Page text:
Not far from the town of Agüero in Huesca, Spain, is the "enigmatic and unfinished" church or hermitage of Santiago de Agüero. There is no record of who built it or when or why. Architectural historians have dated it to the mid 12th century.
The builders started out with large ambitions, a basilica with three naves. But then they stopped, walled off the building less than half way done, and moved the main entrance to what would have been the side. One theory
is that the church was begun as a monastic retreat for Ramiro II of Aragon, who retired from rulership in 1137 and handed his realm over to his son-in-law, Count Ramón Berenguer IV of Barcelona. Ramiro died in 1157, and perhaps what we have is what was built while he was still alive. After his death, no one saw the need for such a grand monastery in this place, so they stopped.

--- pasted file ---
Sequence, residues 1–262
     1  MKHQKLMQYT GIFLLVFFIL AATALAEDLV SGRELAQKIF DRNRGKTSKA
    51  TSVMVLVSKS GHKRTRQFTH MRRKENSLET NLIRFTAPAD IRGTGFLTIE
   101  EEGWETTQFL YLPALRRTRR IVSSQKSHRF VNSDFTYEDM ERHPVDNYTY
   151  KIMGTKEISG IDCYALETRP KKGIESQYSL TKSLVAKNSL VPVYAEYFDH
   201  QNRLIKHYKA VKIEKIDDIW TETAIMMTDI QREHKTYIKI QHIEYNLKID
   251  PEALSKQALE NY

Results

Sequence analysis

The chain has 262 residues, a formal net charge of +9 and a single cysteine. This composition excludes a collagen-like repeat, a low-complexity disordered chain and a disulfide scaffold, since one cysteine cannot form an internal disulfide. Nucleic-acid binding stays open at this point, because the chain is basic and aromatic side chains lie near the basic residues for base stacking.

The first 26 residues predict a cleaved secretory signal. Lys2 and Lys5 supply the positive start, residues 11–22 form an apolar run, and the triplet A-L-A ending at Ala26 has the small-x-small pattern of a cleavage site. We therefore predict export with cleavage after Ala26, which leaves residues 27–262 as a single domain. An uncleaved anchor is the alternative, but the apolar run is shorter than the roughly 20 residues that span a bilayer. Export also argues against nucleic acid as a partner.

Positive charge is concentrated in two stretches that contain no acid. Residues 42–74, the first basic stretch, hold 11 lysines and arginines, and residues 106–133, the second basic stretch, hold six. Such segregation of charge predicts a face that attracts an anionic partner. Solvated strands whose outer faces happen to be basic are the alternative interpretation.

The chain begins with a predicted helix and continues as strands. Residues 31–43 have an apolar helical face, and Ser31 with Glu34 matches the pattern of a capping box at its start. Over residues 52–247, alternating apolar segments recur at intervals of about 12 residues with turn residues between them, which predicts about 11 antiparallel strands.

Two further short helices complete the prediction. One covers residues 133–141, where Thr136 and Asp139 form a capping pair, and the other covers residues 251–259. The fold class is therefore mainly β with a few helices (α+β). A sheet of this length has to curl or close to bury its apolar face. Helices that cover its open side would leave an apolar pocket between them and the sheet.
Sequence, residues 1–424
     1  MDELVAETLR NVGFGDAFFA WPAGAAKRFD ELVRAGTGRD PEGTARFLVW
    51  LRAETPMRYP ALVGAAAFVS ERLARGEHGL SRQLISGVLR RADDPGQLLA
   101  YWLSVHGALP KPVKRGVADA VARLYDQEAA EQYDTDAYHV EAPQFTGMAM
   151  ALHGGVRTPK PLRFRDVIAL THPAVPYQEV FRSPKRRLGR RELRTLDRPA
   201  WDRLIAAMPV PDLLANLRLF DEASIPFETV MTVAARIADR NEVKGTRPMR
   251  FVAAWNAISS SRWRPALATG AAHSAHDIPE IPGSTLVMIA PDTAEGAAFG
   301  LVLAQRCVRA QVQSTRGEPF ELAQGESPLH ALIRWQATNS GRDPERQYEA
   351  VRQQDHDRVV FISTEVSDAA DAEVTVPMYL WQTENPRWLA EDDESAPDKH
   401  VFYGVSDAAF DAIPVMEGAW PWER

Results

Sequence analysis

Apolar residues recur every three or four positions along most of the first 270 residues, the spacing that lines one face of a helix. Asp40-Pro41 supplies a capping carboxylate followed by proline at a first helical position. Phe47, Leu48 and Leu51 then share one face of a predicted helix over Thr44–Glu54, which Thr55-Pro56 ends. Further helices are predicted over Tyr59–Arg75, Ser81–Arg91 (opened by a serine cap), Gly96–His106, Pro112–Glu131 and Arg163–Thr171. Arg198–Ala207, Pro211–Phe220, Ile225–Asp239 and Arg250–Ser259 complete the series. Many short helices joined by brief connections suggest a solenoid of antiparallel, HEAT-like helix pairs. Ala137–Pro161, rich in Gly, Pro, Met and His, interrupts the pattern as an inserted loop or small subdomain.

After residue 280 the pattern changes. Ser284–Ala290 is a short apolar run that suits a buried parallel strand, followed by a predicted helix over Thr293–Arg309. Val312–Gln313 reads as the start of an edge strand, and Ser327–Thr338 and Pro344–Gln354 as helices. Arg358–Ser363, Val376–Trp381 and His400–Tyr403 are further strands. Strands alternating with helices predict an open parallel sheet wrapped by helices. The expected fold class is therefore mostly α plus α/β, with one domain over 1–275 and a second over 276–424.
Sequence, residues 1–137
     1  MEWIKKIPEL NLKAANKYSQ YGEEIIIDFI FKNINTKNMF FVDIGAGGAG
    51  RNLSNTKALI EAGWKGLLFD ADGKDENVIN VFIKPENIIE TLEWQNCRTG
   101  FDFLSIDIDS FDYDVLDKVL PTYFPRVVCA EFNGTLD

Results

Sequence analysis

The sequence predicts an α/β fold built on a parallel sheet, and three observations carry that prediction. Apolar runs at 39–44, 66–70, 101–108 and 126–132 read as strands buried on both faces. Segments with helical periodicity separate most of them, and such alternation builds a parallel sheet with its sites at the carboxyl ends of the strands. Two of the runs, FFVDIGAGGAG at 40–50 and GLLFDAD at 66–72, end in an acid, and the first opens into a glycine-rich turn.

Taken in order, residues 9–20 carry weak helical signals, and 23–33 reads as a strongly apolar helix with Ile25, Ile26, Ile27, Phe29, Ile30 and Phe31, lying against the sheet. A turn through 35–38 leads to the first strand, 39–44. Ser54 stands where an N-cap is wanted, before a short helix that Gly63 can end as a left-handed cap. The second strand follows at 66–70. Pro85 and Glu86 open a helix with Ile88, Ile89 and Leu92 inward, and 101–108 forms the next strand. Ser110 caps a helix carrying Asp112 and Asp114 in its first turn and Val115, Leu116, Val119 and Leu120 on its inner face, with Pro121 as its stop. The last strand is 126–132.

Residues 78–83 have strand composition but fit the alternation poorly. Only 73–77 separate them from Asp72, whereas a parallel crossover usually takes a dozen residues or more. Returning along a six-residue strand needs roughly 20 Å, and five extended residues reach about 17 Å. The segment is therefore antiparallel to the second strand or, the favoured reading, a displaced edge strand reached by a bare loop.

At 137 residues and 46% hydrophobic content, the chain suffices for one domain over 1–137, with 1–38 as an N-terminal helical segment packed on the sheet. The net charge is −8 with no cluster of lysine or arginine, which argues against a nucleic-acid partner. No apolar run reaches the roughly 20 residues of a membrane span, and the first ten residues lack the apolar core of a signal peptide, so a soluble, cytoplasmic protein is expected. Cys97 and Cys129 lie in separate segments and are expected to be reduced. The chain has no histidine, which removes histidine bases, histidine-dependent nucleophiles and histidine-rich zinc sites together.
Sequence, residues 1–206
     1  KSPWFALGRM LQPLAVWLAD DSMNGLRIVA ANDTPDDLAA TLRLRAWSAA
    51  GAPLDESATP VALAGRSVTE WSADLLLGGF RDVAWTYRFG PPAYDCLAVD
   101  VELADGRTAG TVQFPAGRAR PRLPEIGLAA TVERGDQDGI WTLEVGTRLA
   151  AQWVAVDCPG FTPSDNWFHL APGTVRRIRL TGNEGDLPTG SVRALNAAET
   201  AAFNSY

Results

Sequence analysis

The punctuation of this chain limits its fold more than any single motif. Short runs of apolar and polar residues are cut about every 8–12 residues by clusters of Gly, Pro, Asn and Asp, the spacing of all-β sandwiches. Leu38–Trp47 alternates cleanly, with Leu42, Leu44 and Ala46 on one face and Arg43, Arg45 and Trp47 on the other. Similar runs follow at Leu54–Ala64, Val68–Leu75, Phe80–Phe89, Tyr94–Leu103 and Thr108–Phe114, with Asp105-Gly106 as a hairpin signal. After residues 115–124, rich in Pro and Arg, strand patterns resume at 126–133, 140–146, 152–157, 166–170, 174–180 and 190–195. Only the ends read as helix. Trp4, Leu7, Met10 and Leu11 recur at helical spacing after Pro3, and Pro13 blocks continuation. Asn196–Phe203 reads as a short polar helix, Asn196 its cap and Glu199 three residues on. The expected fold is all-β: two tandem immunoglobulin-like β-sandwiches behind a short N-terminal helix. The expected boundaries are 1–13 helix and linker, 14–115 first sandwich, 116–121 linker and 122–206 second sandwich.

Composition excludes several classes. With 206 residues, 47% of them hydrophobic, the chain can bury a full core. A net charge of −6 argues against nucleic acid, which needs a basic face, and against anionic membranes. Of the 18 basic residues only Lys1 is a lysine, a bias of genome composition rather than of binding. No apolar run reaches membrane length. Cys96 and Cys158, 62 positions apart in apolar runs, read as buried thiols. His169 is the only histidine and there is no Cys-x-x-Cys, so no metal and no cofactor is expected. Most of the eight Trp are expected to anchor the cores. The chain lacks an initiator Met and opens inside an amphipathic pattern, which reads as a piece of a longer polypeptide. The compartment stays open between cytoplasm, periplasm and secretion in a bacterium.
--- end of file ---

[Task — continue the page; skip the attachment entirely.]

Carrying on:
The most famous thing about the church is the Romanesque sculpture of the entrance.
The stones have many delightful mason's marks. I'm working from home this week, a retreat of a different sort, thinking about the men who withdrew from the world to this strange and delightful place. Some of these are from the wonderful Juliana Lees.
So did it see actual usage historically, or was it only active in more modern times?
It's not entirely clear from the way you describe it whether it was abandoned when construction stopped, and I can't quite confirm either way via search engine.
I would assume it must have seen usage if the site remained inhabited, but it's clearly a remote location and I couldn't figure out how old the village itself is, and whether it existed at the time that the hermitage was being built, or if it only cropped up around the hermitage in more recent centuries.
On winter solstice, at 12 am, the sun lights the only column with a king figure. The others are with floral motivs.
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